During each session of the National Assembly of People’s Power, deputies debate the realities of the country, the most pressing problems, strategic or urgent measures, and immediate or long-term solutions. In their role as elected representatives of the people, deputies also talk about audits, control, and participation.
But the National Assembly, as a whole, sessions for just a few days. The primary working space of the deputy, therefore, is alongside his or her electorate. It is also there, at the grassroots, where the responsibility for overseeing the administrative management and compliance with the agreements of the Assembly advances.
Meeting this responsibility, like the other 380 deputies from all over the country, was
Giraldo Martín Martín, representative of Jovellanos, who participated in the audit undertaken in the province of Matanzas to assess the implementation of the agreements adopted by Parliament.
“I had previously participated in actions of this nature led by the Economic Affairs Committee, but this time the exercise was more comprehensive,” the director of the Indio Hatuey Experimental Pasture and Forage Station noted.
“In Matanzas we identified outstanding efficiency reserves in the drafting of the plan. We also detected potentialities in certain business sectors. In agriculture or the industrial branch, for example, capacities are installed and other products can be manufactured that are not taken into account today, in some cases because of the lack of resources, but in others – and this is the most worrisome aspect – due to the lack of development projects.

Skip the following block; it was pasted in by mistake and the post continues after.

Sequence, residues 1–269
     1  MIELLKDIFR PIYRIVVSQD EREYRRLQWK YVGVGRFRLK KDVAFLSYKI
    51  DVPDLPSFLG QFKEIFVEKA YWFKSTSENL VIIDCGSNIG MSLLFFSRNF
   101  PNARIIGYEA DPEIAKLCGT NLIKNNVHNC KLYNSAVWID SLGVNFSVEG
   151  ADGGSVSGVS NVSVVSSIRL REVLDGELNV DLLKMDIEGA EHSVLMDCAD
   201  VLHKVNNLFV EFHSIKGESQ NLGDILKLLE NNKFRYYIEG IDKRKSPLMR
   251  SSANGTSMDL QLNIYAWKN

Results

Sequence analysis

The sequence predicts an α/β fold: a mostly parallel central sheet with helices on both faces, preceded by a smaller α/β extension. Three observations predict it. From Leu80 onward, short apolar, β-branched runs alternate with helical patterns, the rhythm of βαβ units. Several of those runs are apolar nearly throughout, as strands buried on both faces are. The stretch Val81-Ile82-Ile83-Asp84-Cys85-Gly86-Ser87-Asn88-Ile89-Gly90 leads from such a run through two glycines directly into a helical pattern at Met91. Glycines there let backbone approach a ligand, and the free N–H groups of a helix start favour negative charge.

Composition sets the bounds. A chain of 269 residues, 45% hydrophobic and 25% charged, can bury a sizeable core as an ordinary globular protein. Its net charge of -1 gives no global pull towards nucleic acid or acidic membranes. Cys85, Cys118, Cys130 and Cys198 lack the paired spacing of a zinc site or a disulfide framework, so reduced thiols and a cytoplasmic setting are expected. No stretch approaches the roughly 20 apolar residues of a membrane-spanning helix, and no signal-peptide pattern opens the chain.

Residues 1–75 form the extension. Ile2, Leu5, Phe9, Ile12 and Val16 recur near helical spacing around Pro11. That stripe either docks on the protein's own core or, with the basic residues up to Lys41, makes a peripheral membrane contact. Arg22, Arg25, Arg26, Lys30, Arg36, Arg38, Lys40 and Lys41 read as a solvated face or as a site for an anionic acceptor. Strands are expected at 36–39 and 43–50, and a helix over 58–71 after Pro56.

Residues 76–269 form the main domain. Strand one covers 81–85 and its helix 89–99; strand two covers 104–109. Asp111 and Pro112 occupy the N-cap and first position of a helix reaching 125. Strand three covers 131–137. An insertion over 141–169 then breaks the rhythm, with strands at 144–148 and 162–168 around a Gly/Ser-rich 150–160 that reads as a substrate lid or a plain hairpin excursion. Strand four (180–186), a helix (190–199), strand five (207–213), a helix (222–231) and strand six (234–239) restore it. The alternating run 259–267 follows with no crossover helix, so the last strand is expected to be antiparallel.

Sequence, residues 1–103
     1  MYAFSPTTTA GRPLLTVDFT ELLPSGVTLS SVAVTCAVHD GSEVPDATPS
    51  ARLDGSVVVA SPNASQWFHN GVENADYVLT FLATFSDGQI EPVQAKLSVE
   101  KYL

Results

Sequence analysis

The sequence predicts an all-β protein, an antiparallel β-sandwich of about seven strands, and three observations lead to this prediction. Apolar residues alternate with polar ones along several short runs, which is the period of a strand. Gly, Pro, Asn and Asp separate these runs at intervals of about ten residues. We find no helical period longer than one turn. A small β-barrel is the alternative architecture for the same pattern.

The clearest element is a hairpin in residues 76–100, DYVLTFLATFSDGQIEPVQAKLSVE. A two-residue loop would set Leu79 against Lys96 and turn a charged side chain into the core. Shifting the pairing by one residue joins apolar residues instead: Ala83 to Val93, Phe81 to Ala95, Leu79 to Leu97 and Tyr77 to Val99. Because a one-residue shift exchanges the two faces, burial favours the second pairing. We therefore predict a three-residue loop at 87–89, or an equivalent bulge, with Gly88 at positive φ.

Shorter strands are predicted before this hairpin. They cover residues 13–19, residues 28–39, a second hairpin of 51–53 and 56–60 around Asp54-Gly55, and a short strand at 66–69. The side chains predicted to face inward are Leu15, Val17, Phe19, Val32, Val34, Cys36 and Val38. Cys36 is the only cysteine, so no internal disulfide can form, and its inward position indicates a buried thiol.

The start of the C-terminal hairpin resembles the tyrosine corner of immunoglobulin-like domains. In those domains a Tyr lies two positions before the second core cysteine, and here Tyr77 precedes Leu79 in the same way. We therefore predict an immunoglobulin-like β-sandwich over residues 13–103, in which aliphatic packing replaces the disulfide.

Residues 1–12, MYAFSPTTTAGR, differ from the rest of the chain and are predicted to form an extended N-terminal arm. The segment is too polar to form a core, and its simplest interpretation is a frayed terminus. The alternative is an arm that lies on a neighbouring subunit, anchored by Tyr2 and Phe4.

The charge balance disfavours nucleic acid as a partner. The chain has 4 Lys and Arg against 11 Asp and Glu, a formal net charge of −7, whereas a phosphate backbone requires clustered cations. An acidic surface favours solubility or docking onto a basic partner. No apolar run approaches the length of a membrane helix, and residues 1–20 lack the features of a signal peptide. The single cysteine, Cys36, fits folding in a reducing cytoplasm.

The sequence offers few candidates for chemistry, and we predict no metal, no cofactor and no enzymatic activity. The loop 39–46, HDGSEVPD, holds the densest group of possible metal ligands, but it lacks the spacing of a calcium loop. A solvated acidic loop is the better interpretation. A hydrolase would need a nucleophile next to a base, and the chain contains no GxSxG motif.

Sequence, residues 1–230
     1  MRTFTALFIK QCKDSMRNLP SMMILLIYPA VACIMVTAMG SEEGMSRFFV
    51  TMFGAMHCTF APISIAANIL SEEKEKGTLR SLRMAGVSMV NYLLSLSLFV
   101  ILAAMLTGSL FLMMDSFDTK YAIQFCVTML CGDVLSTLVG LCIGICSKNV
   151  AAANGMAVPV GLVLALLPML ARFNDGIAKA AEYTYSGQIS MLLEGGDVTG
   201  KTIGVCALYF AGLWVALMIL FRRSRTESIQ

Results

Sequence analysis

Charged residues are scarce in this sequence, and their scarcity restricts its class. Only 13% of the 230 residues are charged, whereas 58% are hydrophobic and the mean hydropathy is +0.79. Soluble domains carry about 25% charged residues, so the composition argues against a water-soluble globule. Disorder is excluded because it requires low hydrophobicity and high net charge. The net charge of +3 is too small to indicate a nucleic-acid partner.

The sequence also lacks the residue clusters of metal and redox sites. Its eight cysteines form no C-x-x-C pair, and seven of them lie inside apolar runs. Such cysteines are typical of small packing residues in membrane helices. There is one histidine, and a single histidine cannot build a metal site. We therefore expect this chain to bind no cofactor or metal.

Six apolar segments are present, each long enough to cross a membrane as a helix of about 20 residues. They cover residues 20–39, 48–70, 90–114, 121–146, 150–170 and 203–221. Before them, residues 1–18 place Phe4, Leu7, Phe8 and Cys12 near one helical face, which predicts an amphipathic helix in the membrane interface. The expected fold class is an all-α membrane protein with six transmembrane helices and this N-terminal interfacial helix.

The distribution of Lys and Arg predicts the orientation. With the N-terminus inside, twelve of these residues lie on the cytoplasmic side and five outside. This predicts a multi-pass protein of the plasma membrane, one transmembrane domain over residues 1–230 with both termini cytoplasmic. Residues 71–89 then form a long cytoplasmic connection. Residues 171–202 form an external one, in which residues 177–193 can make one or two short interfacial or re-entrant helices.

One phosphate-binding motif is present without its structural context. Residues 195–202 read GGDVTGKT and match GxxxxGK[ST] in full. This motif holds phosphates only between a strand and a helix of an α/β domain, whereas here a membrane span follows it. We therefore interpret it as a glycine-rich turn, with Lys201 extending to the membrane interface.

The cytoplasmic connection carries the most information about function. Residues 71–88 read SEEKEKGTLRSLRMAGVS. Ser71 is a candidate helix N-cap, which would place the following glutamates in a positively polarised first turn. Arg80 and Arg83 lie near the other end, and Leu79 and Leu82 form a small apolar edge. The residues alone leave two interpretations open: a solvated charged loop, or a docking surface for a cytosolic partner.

“With regard to the control of fuels, apparently there are no vulnerabilities, and the documents do not indicate any diversions; however, in practice there is diversion, because sales do not correspond to the levels of private transport activity.”
In Giraldo’s opinion, “We must move toward another way of approaching control. Evaluating, perhaps, the possibility of assigning, at reasonable prices, quotas to legally recognized transportation providers. That could help us to make sure fuel is better used.”
Ensuring that the State Budget and the Economic Plan better reflect the role of science was another of the issues that caught Giraldo’s attention. “We must ensure science has a more important role, because knowledge is our greatest asset.”
It is time, Giraldo concluded, that also at the enterprise level, the Plan and Budget cease to be conceived as simple day-to-day tools. It is rather a question of ensuring they help to provide a strategic vision that contributes to development and, consequently, to the well-being of the people.